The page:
(B2C)
Overall, rates of incidence of legal need are unlikely
to change much over the next five years people will
still get divorced, still commit crimes, still die. But it
is a mistake to assume that because issues continue
to exist, that means requests for advice will continue
to flow into solicitor firms. The Futures panel (B2C)
concurred with wider futurist commentary about the
need for public education about solicitors and buying
legal services:

Solicitors are a large and powerful group


of legal professionals, but there is nothing
about their education, admission, ethical
standards or regulatory processes that
insulates them from the need any service
provider has to make its value proposition
clear: what value do I get from you? (To
know this, I have to know enough about
whats involved to appreciate the difference
you make.) What will it cost? Who are the
people doing this for me? How safe am I if
something goes wrong? How easy is it for me
to walk away if you turn out to be the wrong
supplier for me?
(Futures panel B2C)
There remains a great deal of uncertainty amongst
consumers about different types of lawyer and
legal businesses. It is currently very difficult, even
for knowledgeable consumers, to work out which
provider is the most appropriate for their particular
issue; and on the Internet, most firms look the same.
The YouGov Reports Legal Services found that
60 per cent of consumers agree or strongly agree
that they cannot differentiate one high street law
firm or solicitor from another; this is an increase from
51 per cent in December 2013 (YouGov Reports
2015: 15).

10

42

People find it hard to know how to compare


different providersconsumers like the
sound of regulated by and accredited by and
member of without having a clear idea of
exactly why those are good things.
(Futures panel B2C)

The ABS/conventional firm distinction is


arbitrary to the consumer, and I dont think
weve seen any evidence of improvement in
the consumers understanding of whether or
not legal businesses are regulated.
(Futures panel B2C)
Despite the volume and significance of changes
in the legal marketplace, the public on the whole
remain confused about what a solicitor can offer
them and about their own rights as purchasers.
This confusion is enabling competition from both
unregulated and other regulated providers.
By 2020, clients paying for legal services will expect
these to be responsive, personalised and transparent
even more so than today and potentially with a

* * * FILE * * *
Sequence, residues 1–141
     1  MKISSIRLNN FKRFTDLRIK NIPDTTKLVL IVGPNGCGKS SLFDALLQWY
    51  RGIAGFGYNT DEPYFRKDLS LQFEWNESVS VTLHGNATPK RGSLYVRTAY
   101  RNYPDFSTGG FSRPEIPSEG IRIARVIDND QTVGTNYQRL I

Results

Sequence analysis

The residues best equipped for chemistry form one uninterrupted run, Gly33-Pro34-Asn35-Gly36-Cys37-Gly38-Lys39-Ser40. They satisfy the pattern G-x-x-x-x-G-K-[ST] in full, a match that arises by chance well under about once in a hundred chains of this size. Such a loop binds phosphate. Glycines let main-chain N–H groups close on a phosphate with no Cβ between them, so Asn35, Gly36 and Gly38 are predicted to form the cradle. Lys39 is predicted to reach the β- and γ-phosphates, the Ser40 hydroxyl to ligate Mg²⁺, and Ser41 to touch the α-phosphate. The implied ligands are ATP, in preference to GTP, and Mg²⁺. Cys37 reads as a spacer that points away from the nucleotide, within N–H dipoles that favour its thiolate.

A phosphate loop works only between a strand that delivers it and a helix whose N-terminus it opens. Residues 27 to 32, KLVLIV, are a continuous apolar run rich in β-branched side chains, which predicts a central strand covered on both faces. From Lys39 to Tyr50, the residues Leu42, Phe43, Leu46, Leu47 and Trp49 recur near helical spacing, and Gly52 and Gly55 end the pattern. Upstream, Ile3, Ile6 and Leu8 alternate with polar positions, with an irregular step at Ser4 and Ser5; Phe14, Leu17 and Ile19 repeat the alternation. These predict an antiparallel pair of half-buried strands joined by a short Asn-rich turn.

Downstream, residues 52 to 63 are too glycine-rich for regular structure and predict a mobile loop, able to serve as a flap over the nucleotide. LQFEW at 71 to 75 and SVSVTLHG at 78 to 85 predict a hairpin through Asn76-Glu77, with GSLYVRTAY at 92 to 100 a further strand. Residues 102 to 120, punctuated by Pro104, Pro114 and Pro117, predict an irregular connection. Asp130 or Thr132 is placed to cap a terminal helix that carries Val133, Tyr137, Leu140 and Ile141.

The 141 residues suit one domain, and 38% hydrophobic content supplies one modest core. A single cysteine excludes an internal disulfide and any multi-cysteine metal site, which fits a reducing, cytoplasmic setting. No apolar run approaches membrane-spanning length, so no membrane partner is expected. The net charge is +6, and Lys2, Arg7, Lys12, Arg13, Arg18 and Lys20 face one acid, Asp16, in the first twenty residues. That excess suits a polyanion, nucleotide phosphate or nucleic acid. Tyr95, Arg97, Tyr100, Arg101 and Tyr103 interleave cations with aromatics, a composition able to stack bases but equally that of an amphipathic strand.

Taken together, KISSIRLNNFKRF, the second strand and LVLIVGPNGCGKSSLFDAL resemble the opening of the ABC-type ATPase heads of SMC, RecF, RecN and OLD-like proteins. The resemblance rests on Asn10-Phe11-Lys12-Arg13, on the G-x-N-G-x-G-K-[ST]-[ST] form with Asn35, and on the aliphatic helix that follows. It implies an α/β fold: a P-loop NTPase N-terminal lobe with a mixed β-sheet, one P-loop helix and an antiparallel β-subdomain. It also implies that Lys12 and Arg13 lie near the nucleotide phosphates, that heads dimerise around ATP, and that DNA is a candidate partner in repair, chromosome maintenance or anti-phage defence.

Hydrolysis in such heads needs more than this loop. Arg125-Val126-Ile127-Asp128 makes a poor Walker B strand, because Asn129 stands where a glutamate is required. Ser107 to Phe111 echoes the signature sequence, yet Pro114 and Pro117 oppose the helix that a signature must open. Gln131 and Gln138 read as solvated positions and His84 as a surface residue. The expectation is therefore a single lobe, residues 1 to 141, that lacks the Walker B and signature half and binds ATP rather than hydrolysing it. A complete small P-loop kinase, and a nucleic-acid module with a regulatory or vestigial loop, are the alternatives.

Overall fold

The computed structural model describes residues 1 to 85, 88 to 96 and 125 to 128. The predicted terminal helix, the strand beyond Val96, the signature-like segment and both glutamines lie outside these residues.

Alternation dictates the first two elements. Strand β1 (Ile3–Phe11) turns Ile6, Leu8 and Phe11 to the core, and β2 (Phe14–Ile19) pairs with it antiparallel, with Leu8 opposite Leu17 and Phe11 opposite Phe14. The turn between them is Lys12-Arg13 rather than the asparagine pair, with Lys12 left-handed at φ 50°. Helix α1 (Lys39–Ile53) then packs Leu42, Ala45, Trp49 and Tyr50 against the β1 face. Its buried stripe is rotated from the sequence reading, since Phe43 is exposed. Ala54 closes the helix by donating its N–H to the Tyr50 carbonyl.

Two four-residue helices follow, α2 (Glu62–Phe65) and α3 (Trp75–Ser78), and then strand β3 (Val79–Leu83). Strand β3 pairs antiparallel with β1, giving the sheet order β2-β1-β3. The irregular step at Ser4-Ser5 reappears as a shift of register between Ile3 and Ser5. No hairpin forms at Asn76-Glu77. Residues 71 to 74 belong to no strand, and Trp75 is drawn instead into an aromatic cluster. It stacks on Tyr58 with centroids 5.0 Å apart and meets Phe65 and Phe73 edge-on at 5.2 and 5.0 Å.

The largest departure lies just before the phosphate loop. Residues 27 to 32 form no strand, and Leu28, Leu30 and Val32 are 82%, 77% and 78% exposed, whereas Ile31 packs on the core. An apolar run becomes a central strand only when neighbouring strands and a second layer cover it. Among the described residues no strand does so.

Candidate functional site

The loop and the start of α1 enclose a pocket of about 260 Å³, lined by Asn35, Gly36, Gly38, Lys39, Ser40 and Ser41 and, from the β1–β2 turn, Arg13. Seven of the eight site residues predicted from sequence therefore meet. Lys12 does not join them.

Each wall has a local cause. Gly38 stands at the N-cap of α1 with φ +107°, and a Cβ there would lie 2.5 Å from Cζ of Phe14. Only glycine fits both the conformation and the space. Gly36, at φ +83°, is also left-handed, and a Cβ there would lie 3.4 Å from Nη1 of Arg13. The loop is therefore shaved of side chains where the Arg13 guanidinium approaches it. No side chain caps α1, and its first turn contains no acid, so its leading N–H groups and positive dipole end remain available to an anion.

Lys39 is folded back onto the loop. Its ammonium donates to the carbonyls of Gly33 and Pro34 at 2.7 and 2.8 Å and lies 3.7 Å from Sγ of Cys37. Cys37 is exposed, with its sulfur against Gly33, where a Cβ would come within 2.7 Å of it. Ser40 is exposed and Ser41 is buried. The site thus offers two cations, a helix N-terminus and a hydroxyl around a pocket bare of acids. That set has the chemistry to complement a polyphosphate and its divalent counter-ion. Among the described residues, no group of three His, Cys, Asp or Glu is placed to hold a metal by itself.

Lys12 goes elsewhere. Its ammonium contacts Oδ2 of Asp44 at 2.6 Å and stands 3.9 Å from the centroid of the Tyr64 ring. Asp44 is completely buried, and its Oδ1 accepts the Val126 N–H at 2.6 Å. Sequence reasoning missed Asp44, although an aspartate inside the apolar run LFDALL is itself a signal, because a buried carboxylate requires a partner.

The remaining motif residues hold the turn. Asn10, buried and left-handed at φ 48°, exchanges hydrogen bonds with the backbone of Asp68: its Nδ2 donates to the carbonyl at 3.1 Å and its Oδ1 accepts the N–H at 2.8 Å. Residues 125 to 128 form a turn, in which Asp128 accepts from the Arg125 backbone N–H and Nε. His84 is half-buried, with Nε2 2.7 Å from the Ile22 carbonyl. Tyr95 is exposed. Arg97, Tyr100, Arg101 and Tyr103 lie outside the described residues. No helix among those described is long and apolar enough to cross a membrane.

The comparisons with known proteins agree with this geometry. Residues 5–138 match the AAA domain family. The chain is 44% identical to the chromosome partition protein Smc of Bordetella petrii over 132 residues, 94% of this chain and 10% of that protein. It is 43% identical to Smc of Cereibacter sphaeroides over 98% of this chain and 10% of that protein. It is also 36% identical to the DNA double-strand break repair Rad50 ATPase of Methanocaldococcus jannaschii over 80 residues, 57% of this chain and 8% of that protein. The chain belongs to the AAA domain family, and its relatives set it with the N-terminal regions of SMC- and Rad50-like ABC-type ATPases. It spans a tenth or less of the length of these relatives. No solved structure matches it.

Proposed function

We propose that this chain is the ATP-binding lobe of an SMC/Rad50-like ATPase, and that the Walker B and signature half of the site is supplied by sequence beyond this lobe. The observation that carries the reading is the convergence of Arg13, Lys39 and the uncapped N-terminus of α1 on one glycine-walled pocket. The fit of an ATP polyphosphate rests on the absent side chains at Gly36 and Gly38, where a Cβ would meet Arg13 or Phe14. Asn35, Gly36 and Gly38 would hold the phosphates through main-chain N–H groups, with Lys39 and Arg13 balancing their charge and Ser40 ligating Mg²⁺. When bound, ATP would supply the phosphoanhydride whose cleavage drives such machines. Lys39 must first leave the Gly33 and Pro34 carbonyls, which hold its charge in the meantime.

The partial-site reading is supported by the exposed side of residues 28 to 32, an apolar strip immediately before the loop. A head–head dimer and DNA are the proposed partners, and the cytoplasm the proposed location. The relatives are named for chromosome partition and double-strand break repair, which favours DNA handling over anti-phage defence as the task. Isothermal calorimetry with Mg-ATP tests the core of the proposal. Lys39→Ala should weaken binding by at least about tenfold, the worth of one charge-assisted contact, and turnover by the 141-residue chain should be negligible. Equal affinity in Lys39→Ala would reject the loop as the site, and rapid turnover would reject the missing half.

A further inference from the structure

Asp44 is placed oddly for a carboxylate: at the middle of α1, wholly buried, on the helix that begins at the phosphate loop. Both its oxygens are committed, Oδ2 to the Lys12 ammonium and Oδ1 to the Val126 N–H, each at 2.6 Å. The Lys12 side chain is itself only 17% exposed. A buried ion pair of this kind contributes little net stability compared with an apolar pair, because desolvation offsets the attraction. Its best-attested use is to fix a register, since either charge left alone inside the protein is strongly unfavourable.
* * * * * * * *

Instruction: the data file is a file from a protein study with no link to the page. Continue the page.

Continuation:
greater choice of providers. Understanding how
consumers are changing is key for firms if they are
to meet the needs of current and future generations
of clients. Generation Y (or the Millennials)10 is
becoming more important to the economy, and
yet the gap is widening between how Generation Y
communicates and connects and how solicitor firms
approach them as potential clients.

Following Generation X, Generation Y are individuals born between the early 1980s to early 2000s.

The Law Society of England and Wales

January 2016

Consumer habits have changed significantly


and firms must adapt and innovate in order
to remain competitive. Even as a niche,
elderly client firm, prospective clients are
researching legal services in different ways.
[The firm] receives a significant amount of
queries from the younger generation via the
web site and Facebook page.
(Sole Principal of niche, boutique firm, RM report)
Generation Y will form 75 per cent of the workforce
by 2025 and are actively shaping corporate culture
and expectations across a range of sectors (Solis
2012). And yet, for Solis (2012), Generation Y are
already being subsumed by what he calls Generation
C the Connected Consumer.
Connected, empowered consumers have come to
expect businesses to know them, to understand them,
and to deliver what they want, where, when and how
they want it (Solis 2014). It is how people embrace
technology, from social networks to smartphones to
intelligent appliances, that contributes to the digital
lifestyle that is represented by Generation C. Where
Generation Y turns to Google for information about
their legal issues, possible options and whether/
how to find a solicitor, Generation C consults their
social media networks. This group want to know who
amongst their network has had a similar problem,
what they did and how they rate what they did.
Solis (2013) advocates: At the end of day, youre not

just competing for attention, you are competing for


relevance. To earn relevance, you have to understand
what the connected consumer values.
Figure 8 on the following page illustrates how clients
(and their buying behaviours) are changing.